Worrells’ Jason Bettles has had another win in his ongoing fight with ASIC, which throws money at poorly articulated misconduct cases knowing the costs of setbacks are recoverable via Industry Funding.
Last Friday Federal Court judge Andrew Greenwood ruled that ASIC should pay Bettles’ costs of an application he made late last year for orders that the regulator’s concise statement and supplementary concise statement in the proceedings be set aside and an order that the ASIC file and serve a statement of claim.
Those proceedings involve an application ASIC made in 2019 for orders that Bettles’ registration as a liquidator be cancelled on account of allegations that he was complicit in facilitating illegal phoenix activity perpetrated by the controllers of the Members Alliance Group (MA Group). (See further reading below).
Bettles has been defending the claim, has according to Worrells Queensland managing partner Raj Khatri the full support of his firm and already has a substantial win under his belt courtesy of the court’s decision to set aside ASIC’s concise statement and supplementary concise statement because “the documents did not coherently identify facts which, if proved, would give rise to contraventions of provisions of the Act and facts which, in turn, if proved, rendered the defendant a person involved in the relevant contraventions”.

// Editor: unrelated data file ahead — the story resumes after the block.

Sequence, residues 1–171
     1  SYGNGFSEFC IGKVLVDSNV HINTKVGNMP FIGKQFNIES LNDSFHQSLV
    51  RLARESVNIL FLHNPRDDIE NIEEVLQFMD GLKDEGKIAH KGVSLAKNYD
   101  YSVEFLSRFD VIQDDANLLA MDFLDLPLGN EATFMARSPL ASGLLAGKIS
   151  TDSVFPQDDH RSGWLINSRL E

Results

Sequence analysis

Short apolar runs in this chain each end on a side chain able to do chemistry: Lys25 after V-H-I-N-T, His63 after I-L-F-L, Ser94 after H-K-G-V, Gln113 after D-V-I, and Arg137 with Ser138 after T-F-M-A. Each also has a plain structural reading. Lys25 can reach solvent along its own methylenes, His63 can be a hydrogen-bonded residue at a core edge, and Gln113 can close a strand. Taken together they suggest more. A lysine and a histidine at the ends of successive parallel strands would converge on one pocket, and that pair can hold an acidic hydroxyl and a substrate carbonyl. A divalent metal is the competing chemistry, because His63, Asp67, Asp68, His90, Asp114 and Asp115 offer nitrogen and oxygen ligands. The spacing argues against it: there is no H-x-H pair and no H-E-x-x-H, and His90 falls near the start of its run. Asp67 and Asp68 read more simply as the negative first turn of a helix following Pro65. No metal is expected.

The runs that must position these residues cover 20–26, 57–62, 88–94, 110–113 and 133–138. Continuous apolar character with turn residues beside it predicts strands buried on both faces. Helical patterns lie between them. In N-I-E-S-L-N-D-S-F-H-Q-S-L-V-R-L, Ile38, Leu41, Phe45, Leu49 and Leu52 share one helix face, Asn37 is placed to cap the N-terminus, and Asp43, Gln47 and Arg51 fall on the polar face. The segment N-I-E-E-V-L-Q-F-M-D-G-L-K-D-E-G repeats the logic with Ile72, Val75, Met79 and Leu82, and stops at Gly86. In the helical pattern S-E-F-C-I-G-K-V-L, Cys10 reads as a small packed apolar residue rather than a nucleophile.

Once Bettles secured that win it was only natural that he seek his costs and last Friday he won, though with the caveat that there’ll be no requirement for ASIC to pay until and if it loses on its application to have Bettles rubbed out for good.
“The defendant ought to have those costs,” Justice Greenwood said last week in Australian Securities and Investments Commission v Bettles (No 2)  FCA 516.
“However, I can see no reason why the defendant ought to be given leave to enforce that costs order now,” he added.
“He ought to have the benefit of a costs order but his entitlement to enforce the costs order ought not to arise until the final resolution of the matter as expressed in final orders,” the judge said. Support INO’s continued chronicling of the insolvency sector.